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Another look at the war of 1971

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    Another look at the war of 1971

    EXCERPTS: Fodder to tease friends
    By Khushwant Singh

    Khushwant Singh recalls his encounters in Pakistan where he met Tikka Khan on one visit and reported Z.A.Bhutto's hanging on another.

    I was as eager to be the first Indian journalist to interview General Tikka Khan as the General was determined to have nothing to do with any Indian. He was angry that he had been dubbed by the Indian press as the 'Butcher of Bangladesh' and was smarting under the ignominious defeat inflicted by the Indian army on Pakistan. He did not acknowledge my letter asking for an interview. It was my friend Manzur Qadir who interceded on my behalf and persuaded him to talk to me as 'a friend of Pakistan'.

    General Tikka Khan received me courteously in his bungalow. He was a short, stocky man with a dour look. He looked more like a bank clerk than a soldier. With him was his orderly, a huge man in a Pathan-style skullcap with a stiffly starched turban. As I looked around I noticed paraphernalia usual in the homes of army top brass - regimental insignias, trophies and photographs in silver frames. On the mantelpiece and the walls were quotations from the Quran, including one which I was able to decipher. I kept it to myself as I felt it might come in handy in my dialogue with the General.

    He was a bitter man. He maintained that stories published in the Indian and the foreign press of mass killings and gang rapes committed by Pakistanis were untrue. "We are a God-fearing people, my soldiers were a disciplined body of men. They didn't go about shooting innocent Bengalis and molesting their women. It is you Indians who spread these lies and had British newspapers publish these calumnies against us," he said, looking directly into my eyes.

    I made a mild protest. I told him that I had visited Bangladesh soon after the war and heard stories of atrocities committed by Pakistani troops and officers from the mouths of Bangladeshi Muslims. "They could not all be lies," I said. "And I saw the enormous anger against Pakistanis. But for Indian troops to protect them, Pakistani prisoners of war would have been lynched by Bangladeshi mobs."

    "There might have been a few incidents," he conceded. "There are some black sheep in every herd. And you know how prone Bengalis are to exaggerating everything!" He quoted an Urdu couplet:

    Shauq-e-tool-o-peych is zulmat qade mein hai agar
    Bengalee key baat sun aur Bengalan kay baal deykh.
    (If you like to add length to a story, put a twist in its tail,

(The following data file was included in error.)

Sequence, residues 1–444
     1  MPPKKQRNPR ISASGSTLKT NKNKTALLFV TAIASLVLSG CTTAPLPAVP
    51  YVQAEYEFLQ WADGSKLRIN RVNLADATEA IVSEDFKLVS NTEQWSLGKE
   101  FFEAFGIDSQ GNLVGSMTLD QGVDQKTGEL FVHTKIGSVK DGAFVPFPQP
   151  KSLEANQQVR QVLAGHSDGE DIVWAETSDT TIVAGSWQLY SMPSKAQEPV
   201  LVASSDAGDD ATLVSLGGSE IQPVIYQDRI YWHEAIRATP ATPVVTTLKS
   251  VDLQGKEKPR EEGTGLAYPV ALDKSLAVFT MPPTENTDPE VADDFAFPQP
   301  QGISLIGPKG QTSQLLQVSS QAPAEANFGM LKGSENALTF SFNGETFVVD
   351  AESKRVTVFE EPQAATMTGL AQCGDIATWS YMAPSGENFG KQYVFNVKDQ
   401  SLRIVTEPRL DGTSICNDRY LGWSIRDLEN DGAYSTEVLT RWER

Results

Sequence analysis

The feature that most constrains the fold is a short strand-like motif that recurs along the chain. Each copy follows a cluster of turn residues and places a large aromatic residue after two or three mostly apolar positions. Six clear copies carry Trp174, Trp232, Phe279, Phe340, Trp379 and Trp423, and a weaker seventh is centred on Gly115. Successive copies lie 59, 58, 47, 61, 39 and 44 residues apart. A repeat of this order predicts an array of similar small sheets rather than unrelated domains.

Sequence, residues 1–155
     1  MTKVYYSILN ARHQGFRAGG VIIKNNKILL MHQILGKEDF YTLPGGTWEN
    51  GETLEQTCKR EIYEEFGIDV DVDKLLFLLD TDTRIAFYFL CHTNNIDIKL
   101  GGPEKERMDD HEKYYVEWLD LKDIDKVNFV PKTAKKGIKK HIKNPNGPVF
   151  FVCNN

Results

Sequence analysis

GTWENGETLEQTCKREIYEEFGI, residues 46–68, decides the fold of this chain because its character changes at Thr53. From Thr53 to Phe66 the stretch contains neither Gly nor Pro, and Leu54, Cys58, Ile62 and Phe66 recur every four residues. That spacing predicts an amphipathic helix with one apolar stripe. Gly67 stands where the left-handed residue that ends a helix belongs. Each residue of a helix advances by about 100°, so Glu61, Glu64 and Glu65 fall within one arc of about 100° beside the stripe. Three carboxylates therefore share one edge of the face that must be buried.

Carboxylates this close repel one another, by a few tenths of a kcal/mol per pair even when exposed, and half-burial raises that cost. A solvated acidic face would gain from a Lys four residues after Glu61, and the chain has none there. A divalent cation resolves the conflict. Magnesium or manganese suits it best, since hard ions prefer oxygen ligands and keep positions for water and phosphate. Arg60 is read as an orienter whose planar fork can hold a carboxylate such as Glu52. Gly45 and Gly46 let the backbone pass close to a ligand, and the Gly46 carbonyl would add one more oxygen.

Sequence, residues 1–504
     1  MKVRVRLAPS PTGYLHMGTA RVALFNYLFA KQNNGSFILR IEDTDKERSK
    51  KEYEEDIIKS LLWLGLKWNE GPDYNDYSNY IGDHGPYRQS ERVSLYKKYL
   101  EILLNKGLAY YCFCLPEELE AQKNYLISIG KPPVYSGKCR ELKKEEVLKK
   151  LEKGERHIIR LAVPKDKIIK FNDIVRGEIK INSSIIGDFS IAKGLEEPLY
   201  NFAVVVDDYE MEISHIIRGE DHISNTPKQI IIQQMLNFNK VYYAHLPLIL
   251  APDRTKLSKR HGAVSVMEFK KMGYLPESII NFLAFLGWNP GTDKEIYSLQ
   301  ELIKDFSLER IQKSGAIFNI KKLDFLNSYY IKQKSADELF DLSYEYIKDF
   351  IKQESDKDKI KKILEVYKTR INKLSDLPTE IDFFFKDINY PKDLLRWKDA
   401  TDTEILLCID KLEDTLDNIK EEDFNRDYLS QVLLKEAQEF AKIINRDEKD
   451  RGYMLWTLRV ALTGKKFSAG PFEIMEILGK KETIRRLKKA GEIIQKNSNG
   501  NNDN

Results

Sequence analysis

Hear a Bengali talk (endlessly) and gaze upon his woman's long hair.)

    I found it very amusing and put it down in my notebook, fodder to tease my Bengali friends with. I went on to ask the General why the Pakistanis had put up such a miserable performance on the field of battle. "It was not a fair fight", he replied. "First you cut off air contact between West and East Pakistan. Then your men infiltrated deep inside East Pakistan, long before we were compelled to declare war. All these stories of the Mukti Bahini were propaganda. The Mukti Bahini were Indian soldiers trained for guerrilla warfare; there were very few Bengalis in it to start with. You armed them, your officers led and directed them. Our troops had to face the enemy in front as well as in their rear."

    The orderly volunteered his opinion: "Awaam hamarey khilaff ho gayaa tha" - the people had turned against us.

    The General did not approve of his orderly expressing an opinion and raised his hands to silence him. I cashed in on it. "That is exactly what I have been saying. What can an army do if the entire populace of a country rises against it?"

    "It was Indian propaganda", maintained the General. I did not have very much more to ask him. I pointed to the quotation from the Quran on the mantelpiece and, feigning innocence asked, "What does it mean?"

    The General read it out loudly: "Nasr min Allah Fateh-un-qareeb. It means Allah grants victory to those whose cause is just."

    "General Sahib, Allah in his wisdom granted us victory because our cause was just."

    For the first time during the interview, the General smiled. "Sardar Sahib, I suspect you knew what the quotation meant". I admitted I did. And took my leave.

    How can a man die better than facing fearful odds for the ashes of his fathers and the Temple of his Gods?